For several decades of its history, the Polaroid was called a “Land Camera” after the company’s founder Edwin Land, and the product line included not only consumer devices but also high-end machines like the SX-70, a folding SLR camera introduced in 1972. The SX-70 boasted a host of impressive features that allowed photographers to achieve the effects of non-instant SLRs such as “changes in depth of field, double exposure, fixed-point focusing, and closeup photography.” The SX-70 made a considerable impression on famed husband and wife design team Charles and Ray Eames, so much so that they produced the 11-minute advertisement above describing in detail the SX-70’s highly complex operations. In his introduction, Charles Eames tells us that no less an authority than Alfred Stieglitz “favored any means that might free the photographer’s whole energies so that they could be channeled in the direction of the decision, the picture itself.” Thus, Edwin Land’s inventions are given the imprimatur of the father of fine art photography himself, and in 1972, the SX-70 was Land’s highest achievement to date.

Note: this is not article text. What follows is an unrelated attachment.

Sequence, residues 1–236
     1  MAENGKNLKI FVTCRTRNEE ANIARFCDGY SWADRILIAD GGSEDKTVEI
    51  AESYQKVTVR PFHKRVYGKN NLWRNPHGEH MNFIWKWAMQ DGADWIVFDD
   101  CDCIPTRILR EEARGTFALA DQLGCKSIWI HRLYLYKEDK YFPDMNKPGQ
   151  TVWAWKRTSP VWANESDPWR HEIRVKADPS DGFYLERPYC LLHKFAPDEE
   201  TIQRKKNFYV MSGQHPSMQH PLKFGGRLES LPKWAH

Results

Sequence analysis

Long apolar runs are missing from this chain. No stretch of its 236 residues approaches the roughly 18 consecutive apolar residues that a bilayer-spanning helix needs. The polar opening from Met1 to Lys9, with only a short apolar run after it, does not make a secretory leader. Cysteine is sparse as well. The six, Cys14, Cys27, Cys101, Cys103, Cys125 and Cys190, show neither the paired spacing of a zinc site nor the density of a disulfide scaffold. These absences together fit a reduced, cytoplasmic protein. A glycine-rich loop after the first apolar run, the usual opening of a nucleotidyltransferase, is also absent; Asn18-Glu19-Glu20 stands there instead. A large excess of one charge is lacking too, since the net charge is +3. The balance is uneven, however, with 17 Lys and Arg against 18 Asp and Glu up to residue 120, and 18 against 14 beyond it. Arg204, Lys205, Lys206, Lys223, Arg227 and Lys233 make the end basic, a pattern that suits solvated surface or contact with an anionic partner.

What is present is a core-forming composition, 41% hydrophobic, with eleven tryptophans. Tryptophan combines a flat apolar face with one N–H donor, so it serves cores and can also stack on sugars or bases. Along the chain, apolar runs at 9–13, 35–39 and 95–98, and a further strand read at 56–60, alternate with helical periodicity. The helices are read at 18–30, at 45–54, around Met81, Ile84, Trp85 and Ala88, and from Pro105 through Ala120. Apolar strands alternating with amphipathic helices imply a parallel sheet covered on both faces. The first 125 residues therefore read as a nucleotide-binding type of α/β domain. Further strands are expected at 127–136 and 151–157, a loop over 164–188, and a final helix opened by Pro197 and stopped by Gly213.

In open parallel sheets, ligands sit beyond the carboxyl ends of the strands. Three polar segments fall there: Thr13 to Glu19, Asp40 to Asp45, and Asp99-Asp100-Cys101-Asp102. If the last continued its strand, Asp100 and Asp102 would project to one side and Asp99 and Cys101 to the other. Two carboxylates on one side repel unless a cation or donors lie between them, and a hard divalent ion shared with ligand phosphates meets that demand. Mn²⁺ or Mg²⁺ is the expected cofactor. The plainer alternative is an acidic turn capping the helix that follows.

The Polaroid instant camera seems to have come full circle from consumer toy to utilitarian snapshot-maker to artists’ experimental tool to instrument of retro-hipsterism to consumer toy again. But the physical, real-world Polaroid aesthetic almost met its end in 2008 when the company discontinued production of its instant film, prompting the creators of the Impossible Project to “[save] analog instant photography from extinction by releasing various, brand new and unique instant films.” Above, VP Dave Bias demonstrates the project’s device, which allows smartphone photogs to print images on Polaroid-style film. Responding to the massive demands of 21st century détourned nostalgia, Polaroid has introduced new lines of instant cameras, and Fuji is also bridging the Instagram/Polaroid divide with a portable printer this spring. But what the Impossible Project highlights—as the Eames did in ‘72—is just how much the Polaroid became a means of making fine art as well as kitsch, a too often unremarked upon application of the famous instant camera and the visual aesthetics it bequeathed the digital age.
via Mental Floss